```-----------------------------------------------------------------------------
-- |
-- Module    : Documentation.SBV.Examples.WeakestPreconditions.Sum
-- Copyright : (c) Levent Erkok
-- Maintainer: erkokl@gmail.com
-- Stability : experimental
--
-- Proof of correctness of an imperative summation algorithm, using weakest
-- preconditions. We investigate a few different invariants and see how
-- different versions lead to proofs and failures.
-----------------------------------------------------------------------------

{-# LANGUAGE DeriveAnyClass        #-}
{-# LANGUAGE DeriveFoldable        #-}
{-# LANGUAGE DeriveGeneric         #-}
{-# LANGUAGE DeriveTraversable     #-}
{-# LANGUAGE FlexibleInstances     #-}
{-# LANGUAGE MultiParamTypeClasses #-}
{-# LANGUAGE NamedFieldPuns        #-}

module Documentation.SBV.Examples.WeakestPreconditions.Sum where

import Data.SBV
import Data.SBV.Control

import Data.SBV.Tools.WeakestPreconditions

import GHC.Generics (Generic)

-- * Program state

-- | The state for the sum program, parameterized over a base type @a@.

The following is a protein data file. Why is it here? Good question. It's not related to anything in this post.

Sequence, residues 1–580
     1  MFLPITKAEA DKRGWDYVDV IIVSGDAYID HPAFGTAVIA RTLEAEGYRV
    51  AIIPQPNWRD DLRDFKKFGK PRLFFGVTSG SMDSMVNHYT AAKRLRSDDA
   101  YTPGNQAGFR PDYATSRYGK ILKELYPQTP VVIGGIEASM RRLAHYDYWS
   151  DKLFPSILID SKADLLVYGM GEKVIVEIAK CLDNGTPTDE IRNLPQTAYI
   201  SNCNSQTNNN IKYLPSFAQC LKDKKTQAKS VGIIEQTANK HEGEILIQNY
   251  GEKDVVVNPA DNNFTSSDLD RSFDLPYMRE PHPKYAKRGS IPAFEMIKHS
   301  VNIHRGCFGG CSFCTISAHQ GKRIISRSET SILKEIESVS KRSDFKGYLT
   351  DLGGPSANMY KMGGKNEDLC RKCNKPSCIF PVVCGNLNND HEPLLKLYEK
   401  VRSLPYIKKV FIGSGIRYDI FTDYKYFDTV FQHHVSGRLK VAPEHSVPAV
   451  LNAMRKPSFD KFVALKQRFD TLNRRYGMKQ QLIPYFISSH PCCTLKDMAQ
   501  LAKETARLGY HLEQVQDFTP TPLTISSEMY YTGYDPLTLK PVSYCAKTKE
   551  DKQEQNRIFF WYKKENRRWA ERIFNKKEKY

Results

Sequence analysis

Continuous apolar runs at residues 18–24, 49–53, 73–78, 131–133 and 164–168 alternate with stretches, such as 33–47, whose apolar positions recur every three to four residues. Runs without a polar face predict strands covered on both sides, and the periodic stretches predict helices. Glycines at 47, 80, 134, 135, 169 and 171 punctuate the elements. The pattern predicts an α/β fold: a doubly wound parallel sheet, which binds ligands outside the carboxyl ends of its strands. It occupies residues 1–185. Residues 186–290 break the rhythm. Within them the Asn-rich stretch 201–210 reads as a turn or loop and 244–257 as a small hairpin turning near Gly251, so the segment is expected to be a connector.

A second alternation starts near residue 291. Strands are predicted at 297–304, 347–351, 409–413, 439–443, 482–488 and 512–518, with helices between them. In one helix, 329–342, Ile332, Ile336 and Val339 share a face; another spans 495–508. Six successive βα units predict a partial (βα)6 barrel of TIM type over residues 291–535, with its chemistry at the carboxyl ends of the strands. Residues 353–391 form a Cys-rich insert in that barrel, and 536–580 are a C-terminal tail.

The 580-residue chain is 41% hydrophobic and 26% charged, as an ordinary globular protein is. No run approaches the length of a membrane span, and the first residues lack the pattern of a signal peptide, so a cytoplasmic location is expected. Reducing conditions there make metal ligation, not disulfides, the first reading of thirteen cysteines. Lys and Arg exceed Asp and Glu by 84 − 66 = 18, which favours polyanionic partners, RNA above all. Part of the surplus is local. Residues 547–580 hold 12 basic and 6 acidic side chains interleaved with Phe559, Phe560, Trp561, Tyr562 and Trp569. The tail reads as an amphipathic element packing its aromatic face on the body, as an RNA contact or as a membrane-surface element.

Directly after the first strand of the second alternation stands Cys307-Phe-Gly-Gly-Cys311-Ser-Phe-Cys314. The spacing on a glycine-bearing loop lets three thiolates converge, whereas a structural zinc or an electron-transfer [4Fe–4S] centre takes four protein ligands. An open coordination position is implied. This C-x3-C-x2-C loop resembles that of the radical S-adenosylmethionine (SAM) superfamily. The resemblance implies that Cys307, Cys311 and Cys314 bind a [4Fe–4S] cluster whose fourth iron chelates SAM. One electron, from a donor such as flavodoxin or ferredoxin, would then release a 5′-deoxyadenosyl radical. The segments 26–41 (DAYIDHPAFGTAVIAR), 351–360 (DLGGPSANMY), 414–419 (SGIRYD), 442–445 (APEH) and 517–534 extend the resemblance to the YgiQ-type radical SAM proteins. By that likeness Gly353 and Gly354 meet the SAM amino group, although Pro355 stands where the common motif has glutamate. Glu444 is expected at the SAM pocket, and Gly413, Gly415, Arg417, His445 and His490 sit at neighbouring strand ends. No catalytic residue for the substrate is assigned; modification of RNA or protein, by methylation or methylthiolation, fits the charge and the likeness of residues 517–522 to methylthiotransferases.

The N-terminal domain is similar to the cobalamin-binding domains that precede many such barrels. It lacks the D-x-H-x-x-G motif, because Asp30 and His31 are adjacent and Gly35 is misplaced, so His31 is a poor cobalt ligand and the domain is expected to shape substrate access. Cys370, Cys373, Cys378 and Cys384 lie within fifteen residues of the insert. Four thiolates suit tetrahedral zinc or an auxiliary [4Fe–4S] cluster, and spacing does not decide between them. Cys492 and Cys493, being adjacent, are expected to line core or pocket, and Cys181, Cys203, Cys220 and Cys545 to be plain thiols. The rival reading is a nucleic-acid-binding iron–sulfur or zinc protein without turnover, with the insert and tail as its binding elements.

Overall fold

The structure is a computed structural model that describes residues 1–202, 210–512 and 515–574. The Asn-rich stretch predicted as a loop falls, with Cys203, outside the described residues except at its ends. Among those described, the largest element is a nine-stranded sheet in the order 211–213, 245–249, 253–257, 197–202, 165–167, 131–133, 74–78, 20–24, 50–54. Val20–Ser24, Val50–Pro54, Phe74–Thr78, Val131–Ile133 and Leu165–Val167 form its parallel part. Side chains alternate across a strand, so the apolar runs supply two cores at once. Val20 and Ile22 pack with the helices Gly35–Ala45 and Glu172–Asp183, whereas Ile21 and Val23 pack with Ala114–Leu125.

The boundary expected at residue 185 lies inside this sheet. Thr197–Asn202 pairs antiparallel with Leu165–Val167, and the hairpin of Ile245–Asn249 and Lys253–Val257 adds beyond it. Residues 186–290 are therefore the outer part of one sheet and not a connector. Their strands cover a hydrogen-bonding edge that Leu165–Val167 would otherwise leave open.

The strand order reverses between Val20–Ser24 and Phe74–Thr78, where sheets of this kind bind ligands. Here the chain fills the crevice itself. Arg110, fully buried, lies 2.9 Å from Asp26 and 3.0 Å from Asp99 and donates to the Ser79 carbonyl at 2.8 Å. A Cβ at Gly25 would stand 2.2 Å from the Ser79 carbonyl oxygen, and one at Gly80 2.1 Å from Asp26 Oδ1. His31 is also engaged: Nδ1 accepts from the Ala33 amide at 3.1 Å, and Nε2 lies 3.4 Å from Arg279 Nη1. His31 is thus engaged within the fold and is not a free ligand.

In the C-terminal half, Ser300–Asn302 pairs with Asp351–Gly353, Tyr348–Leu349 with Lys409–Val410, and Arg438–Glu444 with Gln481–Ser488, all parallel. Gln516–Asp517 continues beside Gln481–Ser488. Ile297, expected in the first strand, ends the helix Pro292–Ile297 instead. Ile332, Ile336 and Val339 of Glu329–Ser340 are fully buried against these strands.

data SumS a = SumS { n :: a    -- ^ The input value
, i :: a    -- ^ Loop counter
, s :: a    -- ^ Running sum
}
deriving (Show, Generic, Mergeable, Functor, Foldable, Traversable)

-- | Show instance for 'SumS'. The above deriving clause would work just as well,
-- but we want it to be a little prettier here, and hence the @OVERLAPS@ directive.
instance {-# OVERLAPS #-} (SymVal a, Show a) => Show (SumS (SBV a)) where
show (SumS n i s) = "{n = " ++ sh n ++ ", i = " ++ sh i ++ ", s = " ++ sh s ++ "}"
where sh v = case unliteral v of
Nothing -> "<symbolic>"
Just l  -> show l

-- | 'Fresh' instance for the program state
instance (SymVal a, SMTValue a) => Fresh IO (SumS (SBV a)) where
fresh = SumS <\$> freshVar_  <*> freshVar_  <*> freshVar_

-- | Helper type synonym
type S = SumS SInteger

-- * The algorithm

-- | The imperative summation algorithm:
--
-- @
--    i = 0
--    s = 0
--    while i < n
--      i = i+1
--      s = s+i
-- @
--
-- Note that we need to explicitly annotate each loop with its invariant and the termination
-- measure. For convenience, we take those two as parameters, so we can experiment later.
algorithm :: Invariant S -> Maybe (Measure S) -> Stmt S